Tanzania: Food Shortage Looms As Pests Invade 50% of Farms - Report

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Dar es Salaam — Crop pests have invaded nearly a half of Mainland Tanzania farms, a new report has revealed.

To combat the menace, the government has deployed a team of agriculturalists to train farmers on how to control the situation.

Moreover, pesticides worth $132,439 have been distributed to fight armyworms, rodents and crop diseases, but small-scale farmers complain that they reached them late.

"Farmers complained of having incurred huge costs to contain them," according to the 2018 February Food Security Bulletin by the Ministry of Agriculture, Livestock and Fisheries.

It showed that the Ministry of Agriculture and that of State in the President's Office (Regional Administration and Local Government) deployed the team of experts to train farmers on how to control the pests.

Smallholder farmer Mathias Ngalimoto, of Mtimbira Ward in Malinyi, Morogoro, is worried that maize will be scarce as farmers have not grown the cereal as rodents had been devouring crops.

"We will face an acute shortage of maize this season," laments Mr Ngalimoto.

He is also deeply worried about armyworms and other pests that invaded paddy fields, causing a food shortage to families that normally depend on rice for survival.

"The government has brought enough pesticides, but the planting season is over. As a result, most of the pesticides will not be used this farming season," says Mr Ngalimoto.

According to experts, rodents constitute the largest group of mammals in terms of species numbers and diversity. They play an important role as reservoirs and carriers of zoonotic diseases, and they are responsible for substantial damages of food and cash crops, industrial products, and occasionally forest plants, the ministry's bulletin reads.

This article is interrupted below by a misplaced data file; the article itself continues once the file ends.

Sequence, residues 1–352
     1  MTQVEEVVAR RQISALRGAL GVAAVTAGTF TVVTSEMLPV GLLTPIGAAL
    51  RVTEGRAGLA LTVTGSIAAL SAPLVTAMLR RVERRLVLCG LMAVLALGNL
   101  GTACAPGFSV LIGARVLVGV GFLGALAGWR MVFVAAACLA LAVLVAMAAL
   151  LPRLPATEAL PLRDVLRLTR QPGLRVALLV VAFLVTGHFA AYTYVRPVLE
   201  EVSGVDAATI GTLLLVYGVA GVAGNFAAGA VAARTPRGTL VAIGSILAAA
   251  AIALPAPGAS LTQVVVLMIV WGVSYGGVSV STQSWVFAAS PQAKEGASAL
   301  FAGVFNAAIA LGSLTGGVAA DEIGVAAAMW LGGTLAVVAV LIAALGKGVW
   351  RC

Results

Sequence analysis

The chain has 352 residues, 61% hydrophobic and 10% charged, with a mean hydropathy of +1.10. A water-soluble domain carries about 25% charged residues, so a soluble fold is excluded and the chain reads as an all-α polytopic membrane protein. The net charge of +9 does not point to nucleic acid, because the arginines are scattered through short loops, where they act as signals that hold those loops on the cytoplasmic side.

In Tanga, Songwe and a number of other regions, all districts are at risks of food shortages as rodents invaded maize farms, according to the report.

"Rodents have destroyed over 32,000 hectares of crops putting thousands of people at serious risks of food shortages," report clarifies.

According to the report, prospects of bumper harvests following good rain in recent months have been shattered, with farmers realising that most of the maize in their fields had been destroyed.

"Although an estimation of crop losses due to rodents has not been done countrywide, damage to crops is widespread and tends to be sporadic."

Rodent outbreaks normally occur in one area for about one or few seasons and cause great losses, after which the populations decline tremendously and hence cause less damage to crops, according to experts. However, in some areas large losses of crops are sustained every year, indicating that the general pattern of rodent infestation is not uniform, according to experts.

Agricultural Non-State Actors Forum, Mr Audax Rukonge suggests that the government the private sector team up to invest in research and development to ensure pesticides are supplied on time and are made available at reasonable prices.

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